• if a court has ordered the statute to be extended

Payment made to a lender can extend the statute of limitations if it is done in writing and involves a partial or full payment of the loan debt. Acknowledgment by the borrower indicates that they are aware of their agreement with the loan terms, thereby resetting the clock for the expiration date on their debt.  Lastly, if a court orders an extension of the statute of limitations, it may be done for equitable or other reasons. 


Here are some frequently asked questions. 

Do student loans get forgiven after 25 years?

No, only certain types of federal student loans are eligible for forgiveness after 25 years. Private student loans, on the other hand, don’t have this option available.

Can I remove student loans from my credit report?

Yes, if you pay off your private student loan in full and your lender updates your credit report, then the loan should be removed from your credit report.

How do I get rid of private student loan debt?

You can get rid of private student loan debt by making payments on time, negotiating with lenders for a lower interest rate or payment plan, or by consolidating multiple loans into one loan. You may also be able to have your loan forgiven if you qualify for certain programs or if you meet unique circumstances.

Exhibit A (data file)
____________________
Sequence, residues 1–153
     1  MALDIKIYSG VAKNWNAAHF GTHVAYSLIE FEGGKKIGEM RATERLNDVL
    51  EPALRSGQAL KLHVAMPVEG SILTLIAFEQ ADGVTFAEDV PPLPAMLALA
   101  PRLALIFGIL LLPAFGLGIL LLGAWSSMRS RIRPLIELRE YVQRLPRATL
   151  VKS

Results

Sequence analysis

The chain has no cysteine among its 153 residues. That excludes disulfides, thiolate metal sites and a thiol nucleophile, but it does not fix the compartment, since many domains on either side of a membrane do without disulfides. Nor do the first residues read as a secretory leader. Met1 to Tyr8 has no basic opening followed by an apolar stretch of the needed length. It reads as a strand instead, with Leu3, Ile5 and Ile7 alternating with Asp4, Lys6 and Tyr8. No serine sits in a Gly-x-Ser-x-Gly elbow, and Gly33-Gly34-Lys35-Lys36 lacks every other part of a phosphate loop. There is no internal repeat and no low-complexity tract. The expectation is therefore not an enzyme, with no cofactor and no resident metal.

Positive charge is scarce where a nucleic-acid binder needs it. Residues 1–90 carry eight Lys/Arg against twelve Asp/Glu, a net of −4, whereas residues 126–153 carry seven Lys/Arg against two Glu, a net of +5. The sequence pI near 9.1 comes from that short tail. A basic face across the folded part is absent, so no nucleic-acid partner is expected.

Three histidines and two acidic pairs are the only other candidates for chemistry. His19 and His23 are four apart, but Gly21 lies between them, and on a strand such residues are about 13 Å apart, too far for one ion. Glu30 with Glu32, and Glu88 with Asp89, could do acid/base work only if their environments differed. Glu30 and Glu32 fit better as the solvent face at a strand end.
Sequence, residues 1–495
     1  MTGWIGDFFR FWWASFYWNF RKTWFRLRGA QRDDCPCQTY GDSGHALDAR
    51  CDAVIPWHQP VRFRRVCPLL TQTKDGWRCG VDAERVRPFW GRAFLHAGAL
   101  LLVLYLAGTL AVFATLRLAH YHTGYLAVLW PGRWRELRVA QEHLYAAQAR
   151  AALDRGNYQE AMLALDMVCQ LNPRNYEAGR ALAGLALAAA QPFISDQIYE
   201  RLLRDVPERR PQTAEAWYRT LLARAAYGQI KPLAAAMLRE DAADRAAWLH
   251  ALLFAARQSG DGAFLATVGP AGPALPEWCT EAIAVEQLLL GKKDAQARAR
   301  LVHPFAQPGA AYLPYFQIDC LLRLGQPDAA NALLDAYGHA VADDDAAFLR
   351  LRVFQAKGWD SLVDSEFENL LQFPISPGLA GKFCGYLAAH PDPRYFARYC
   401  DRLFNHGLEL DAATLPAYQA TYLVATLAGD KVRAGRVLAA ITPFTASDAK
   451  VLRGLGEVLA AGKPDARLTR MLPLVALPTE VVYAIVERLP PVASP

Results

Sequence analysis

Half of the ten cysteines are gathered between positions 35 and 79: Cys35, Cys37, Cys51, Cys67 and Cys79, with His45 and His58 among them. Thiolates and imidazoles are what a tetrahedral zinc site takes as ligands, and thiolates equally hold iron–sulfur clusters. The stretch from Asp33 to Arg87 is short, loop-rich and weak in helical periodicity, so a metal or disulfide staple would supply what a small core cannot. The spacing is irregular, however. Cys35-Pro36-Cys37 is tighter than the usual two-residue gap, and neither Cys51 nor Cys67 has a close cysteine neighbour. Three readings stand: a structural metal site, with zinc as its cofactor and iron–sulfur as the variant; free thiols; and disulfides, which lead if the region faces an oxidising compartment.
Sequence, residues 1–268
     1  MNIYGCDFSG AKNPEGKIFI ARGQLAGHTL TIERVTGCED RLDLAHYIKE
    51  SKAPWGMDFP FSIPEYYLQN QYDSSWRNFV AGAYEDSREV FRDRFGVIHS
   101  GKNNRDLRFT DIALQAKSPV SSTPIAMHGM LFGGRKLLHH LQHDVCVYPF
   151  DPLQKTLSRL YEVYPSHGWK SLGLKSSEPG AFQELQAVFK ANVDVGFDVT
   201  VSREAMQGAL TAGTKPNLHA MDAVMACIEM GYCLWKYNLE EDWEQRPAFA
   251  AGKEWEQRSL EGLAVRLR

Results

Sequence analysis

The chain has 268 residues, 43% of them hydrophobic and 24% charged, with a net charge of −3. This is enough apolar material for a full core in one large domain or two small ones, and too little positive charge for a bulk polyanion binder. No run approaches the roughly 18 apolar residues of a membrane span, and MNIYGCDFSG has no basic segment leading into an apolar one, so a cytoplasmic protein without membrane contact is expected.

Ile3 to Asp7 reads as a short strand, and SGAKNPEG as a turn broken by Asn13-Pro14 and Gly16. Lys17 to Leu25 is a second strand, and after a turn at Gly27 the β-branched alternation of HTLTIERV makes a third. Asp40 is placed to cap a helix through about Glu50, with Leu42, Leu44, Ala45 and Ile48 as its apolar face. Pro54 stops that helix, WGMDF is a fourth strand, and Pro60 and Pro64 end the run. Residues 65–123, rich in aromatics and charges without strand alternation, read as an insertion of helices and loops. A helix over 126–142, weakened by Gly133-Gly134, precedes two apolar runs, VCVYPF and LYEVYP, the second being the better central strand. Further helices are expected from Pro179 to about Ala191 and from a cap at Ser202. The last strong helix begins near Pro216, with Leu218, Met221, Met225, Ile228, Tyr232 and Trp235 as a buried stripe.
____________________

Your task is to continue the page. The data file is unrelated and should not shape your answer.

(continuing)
Final Thoughts

The statute of limitations on private student loans can vary significantly by state and by loan type, so it’s important to understand the laws in your particular state as well as any special provisions that may be applicable to your loan. Contact the creditor or lender of your student loan to ask about the statute of limitations and speak with an attorney who specializes in debt law if you need further guidance as this will help protect you against any legal action taken by creditors. By being proactive in understanding the applicable laws and your rights, you can take control of your financial future and stay on track with your student loan payments.